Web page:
• Expect to compromise your usual routines somewhat to accommodate your guests, but hold on to whatever activities you reasonably can. For example, try to keep your appointments, dates with friends, bowling night, etc.
  • If possible, keep your bedroom as your sanctuary, a place you can escape to for privacy and solitude. Walls too thin? Put on a headset and listen to relaxing music.
  • Say what the rules of the house are. Perhaps you will not allow food out of the kitchen, shoes on the carpet, etc. And if you do not intend to babysit for your guests’ children, say so!
  • Be very clear from the beginning if you expect your guests to help with the added expenses of their stay.
  • Hold on to a sense of humor and imagine how much you can learn from this experience.  

For the household 

Whether you are the guest or the host, your new arrangement challenges your comfort, convenience, privacy and freedom. The entire household should have a meeting where concerns can be expressed and boundaries established. Laying out the house rules with a caring, positive attitude benefits everyone. Schedules and chores might have to be delegated and posted to help reduce stress. Here are some ideas to consider:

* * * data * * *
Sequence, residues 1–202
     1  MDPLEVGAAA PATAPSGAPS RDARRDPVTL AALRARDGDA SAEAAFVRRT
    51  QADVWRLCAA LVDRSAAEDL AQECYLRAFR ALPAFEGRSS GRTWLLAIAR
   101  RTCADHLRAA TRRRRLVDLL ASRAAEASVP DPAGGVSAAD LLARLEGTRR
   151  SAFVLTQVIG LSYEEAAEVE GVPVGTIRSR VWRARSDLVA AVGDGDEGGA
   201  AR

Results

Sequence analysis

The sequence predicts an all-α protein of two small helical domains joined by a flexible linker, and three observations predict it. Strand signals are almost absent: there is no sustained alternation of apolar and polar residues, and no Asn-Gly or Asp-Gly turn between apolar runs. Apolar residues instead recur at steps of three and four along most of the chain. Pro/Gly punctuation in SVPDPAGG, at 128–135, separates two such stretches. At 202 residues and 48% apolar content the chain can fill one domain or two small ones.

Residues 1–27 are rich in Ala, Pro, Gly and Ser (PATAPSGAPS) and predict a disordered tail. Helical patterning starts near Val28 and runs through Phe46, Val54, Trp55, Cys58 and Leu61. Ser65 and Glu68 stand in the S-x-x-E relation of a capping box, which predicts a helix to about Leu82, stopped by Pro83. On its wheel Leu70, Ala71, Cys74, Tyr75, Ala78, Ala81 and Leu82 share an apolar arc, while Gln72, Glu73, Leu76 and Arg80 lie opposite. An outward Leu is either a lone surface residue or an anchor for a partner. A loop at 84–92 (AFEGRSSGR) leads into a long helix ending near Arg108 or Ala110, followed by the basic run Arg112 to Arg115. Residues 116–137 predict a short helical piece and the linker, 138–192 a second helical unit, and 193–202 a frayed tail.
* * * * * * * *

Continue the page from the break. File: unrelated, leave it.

• Agree on a schedule for bathing, cooking, doing laundry, watching television, using the phone and computer, etc. to avoid conflict or resentment.
  • Find a reasonable division of clean-up duty for everyone in the house.
    Conflicting bedtimes? Establish limits on noisy activities after a certain time in the evening.
  • Set clear expectations concerning food. Who will shop for groceries? Is everything in the kitchen available to everyone at any time? Will you all eat meals together?
  • If possible, find fun things for everyone to do together occasionally, such as pop popcorn and watch a movie, work a jigsaw puzzle or play board games.  

Change can be hard for everyone. A crowded home and disrupted routines make it worse. The best strategy to help you all cope with such stress is to keep communicating with each other. Expect some inconvenience and discomfort, but you can work together toward establishing boundaries and new routines.  

Resource

American Academy of Child and Adolescent Psychiatry
www.aacap.org
By Laurie M. Stewart
Source: American Academy of Child and Adolescent Psychiatry; Growing Together: Improving Family Communication by Chrystal Barranti.